Previously reported associations between abdominal adiposity and coronary heart disease (CHD) may be mediated through serum lipids.
In the present longitudinal study, 43 Western Samoan men who participated in a 1982 study were recontacted for a second determination of anthropometric and serum lipoprotein cholesterol levels.
The men showed dramatic increases in weight (mean change ± SD : 10.5 ± 8.8 kg), abdominal circumference (10.0 ± 7.6 cm), total cholesterol (49.5 ± 26.4 mg/dl), and non-HDL cholesterol (53.1 ± 26.6 mg/dl).
A new indicator was used to estimate changes in abdominal adiposity : the residual from the regression of change in the abdominal circumference on change in body weight (the AR).
The AR was significantly correlated with changes in total (r=0.38) and non-HDL cholesterol (r=0.39).
Changes in HDL cholesterol were correlated with changes in weight only (r=-0.37).
These bivariate relations remained significant in multiple linear regression analyses.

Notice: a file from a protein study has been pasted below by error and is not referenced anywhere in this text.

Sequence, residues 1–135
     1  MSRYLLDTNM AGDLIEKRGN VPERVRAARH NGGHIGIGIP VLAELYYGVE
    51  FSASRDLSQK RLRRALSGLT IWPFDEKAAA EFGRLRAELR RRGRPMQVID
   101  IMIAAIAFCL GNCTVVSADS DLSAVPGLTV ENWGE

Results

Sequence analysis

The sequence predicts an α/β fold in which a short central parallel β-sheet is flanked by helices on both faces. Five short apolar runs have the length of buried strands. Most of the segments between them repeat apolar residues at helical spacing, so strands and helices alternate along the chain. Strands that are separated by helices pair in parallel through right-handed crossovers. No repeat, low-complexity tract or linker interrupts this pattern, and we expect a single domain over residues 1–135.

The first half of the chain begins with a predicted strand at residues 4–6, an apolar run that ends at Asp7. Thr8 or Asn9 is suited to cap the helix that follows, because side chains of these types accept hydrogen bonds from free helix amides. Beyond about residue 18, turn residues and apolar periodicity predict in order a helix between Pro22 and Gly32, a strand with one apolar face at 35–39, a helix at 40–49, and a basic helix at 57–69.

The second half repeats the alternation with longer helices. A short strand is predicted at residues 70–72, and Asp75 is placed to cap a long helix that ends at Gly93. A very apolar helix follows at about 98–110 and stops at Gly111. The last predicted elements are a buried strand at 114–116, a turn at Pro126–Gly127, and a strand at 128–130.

These longitudinal results are the first to suggest changes in abdominal adiposity are related to changes in total and non-HDL cholesterol levels.
Mots-clés Pascal : Obésité, Tissu adipeux, Abdomen, Cholestérol, Epidémiologie, Homme, Etude longitudinale, Anthropométrie, Biométrie corporelle, Lipide, Samoa, Polynésie, Océanie, Etat nutritionnel, Trouble nutrition
Mots-clés Pascal anglais : Obesity, Adipose tissue, Abdomen, Cholesterol, Epidemiology, Human, Follow up study, Anthropometry, Corporal biometry, Lipids, Samoa, Polynesia, Oceania, Nutritional status, Nutrition disorder
Notice produite par :
Inist-CNRS - Institut de l'Information Scientifique et Technique
Cote : 96-0055603
Code Inist : 002B22B. Création : 199608.